Yemen’s Military-Security Reform: Seeds of New Conflict?
Yemen’s Military-Security Reform: Seeds of New Conflict?
Table of Contents
  1. Executive Summary
The Conflict in Yemen Is More Than a Proxy War
The Conflict in Yemen Is More Than a Proxy War
Report / Middle East & North Africa 3 minutes

Yemen’s Military-Security Reform: Seeds of New Conflict?

Yemen must take further steps to reform its security forces, or longstanding divisions could well undermine its political transition, which entered into a six-month “national dialogue” on 18 March.

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Executive Summary

Ask virtually any Yemeni from across the political spectrum, and he will protest support for a professional military-security apparatus free from family, tribal, party and sectarian influence. Yet, these public assurances do not mean it is easy – far from it. Military-security restructuring is hugely critical to a successful transition, but it also is hugely difficult, because it directly threatens an array of vested interests. Although President Abdo Robo Mansour Hadi has taken important first steps, the harder part lies ahead: undoing a legacy of corruption and politicisation; introducing a coherent administrative and command structure, instilling discipline and unified esprit de corps; and continuing to weaken the old elite’s hold without provoking a backlash. All this must be done as the nation faces a redoubtable array of security challenges, including al-Qaeda attacks; sabotage of critical infrastructure; growing armed tribal presence in major cities; Huthi territorial gains in the North; and increasing violence in the South over the issue of separation.

There is a long way to go. Under former President Ali Abdullah Saleh, the military-security services were virtually immune from civilian oversight and operated largely outside the law. Loyalties flowed to individual commanders, who hailed mostly from the president’s family or tribe. Then, amid the 2011 uprising, those commanders fractured the military in two, with one group (General Ali Mohsen al-Ahmar’s) supporting protesters and the other (Saleh’s family) the regime; today, they remain powerful political players who control significant resources and sizeable slices of the economy. However much they claim to support the transition, there is good reason to suspect they will deploy their still formidable resources to sway or even thwart the national dialogue, which began on 18 March 2013 and is scheduled to last six months.

Military-security reform is, in part, about loosening the grip of the now-bifurcated old regime and, in so doing, opening political space for meaningful and effective change through the national dialogue, the cornerstone of the transition process. Hadi has made some inroads. By ordering a personnel and administrative shake-up and then scrapping two controversial military organisations – the Republican Guard, commanded by Saleh’s son, Ahmed Ali, and the Firqa, led by Ali Mohsen – he clipped his two rivals’ wings and bolstered his own hand. But dangers lurk: implementation is embryonic and will take time; some of Hadi’s appointments smack of his own brand of partisanship; Mohsen’s and Ahmed Ali’s military fates remain unknown; and, by dealing by far the more serious blows to Saleh’s camp, Hadi might unwittingly have disproportionately strengthened Mohsen’s.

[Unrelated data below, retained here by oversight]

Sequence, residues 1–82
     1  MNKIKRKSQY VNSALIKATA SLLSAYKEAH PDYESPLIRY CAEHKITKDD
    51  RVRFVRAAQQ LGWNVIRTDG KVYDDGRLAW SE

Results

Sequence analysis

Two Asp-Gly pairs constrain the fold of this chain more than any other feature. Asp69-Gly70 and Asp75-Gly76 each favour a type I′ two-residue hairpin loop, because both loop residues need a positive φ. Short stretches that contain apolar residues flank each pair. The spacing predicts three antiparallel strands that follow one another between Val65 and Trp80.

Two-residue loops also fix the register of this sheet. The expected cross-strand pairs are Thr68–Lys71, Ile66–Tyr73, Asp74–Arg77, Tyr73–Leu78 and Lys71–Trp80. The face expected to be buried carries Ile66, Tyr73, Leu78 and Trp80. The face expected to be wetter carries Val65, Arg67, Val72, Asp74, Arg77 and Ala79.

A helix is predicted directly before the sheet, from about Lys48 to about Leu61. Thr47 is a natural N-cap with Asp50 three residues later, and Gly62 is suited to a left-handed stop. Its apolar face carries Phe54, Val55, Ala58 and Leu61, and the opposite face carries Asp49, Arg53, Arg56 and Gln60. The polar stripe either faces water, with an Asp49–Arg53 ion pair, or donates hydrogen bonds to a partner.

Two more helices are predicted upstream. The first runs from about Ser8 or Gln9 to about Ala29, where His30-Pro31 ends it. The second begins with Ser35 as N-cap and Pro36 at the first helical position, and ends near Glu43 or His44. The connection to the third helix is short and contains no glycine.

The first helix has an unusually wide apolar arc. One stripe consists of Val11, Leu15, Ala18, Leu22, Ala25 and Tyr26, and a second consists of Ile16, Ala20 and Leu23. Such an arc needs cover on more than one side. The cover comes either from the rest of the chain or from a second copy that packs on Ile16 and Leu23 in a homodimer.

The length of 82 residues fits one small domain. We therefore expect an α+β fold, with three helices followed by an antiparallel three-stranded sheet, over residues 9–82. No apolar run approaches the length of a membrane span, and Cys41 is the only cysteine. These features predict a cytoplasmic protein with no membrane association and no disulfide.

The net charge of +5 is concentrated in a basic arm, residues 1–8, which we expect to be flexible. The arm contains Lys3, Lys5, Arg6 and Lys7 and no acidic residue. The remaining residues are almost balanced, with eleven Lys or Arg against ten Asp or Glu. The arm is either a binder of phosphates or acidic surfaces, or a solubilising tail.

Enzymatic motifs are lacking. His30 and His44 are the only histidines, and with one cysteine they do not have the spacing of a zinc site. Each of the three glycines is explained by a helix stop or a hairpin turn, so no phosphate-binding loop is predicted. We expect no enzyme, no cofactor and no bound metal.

Lasting institutional reform must entail more than reshuffling individual positions. Therein lies a second risk, or shortcoming. To date, Hadi’s changes appear to have been driven chiefly – and understandably – by political expediency and the urgent need to remove controversial commanders from their posts without prompting violent resistance. Other festering issues cannot long be ignored, however, such as professionalising the military-security sector; gradually enforcing non-partisan laws governing hiring, firing, retiring and rotating personnel; integrating tribesmen into the security forces without encouraging factionalism; ensuring civilian oversight and decision-making; and, more broadly, elaborating a national security strategy within which the mandate and size of the various military-security branches make sense.

In a larger sense, the key obstacle to meaningful reform remains the absence of an inclusive political pact. It is hard to see major military-security stakeholders relinquishing hard power or fully accepting change that could leave them vulnerable to domestic rivals in any circumstance; it is near impossible to imagine it when distrust runs so high. There are other, related complications: two major constituencies, the primarily northern-based Huthi movement and southern separatists, share profound scepticism toward a restructuring process from which they have been essentially excluded; they are unlikely to support decisions taken without broad agreement on the parameters of a post-Saleh state.

That is where the national dialogue comes in. Only by closely integrating the process of military-security restructuring within the larger effort to produce an inclusive political consensus – a national pact and new constitution – can the two be successful. The challenge is to generate a virtuous cycle in which restructuring and dialogue proceed in tandem and reinforce one another. It is a tricky dance. International actors can and should lend a hand. But Yemenis carry the heavier burden of getting the sequencing and timing right.

Sanaa/Brussels, 4 April 2013

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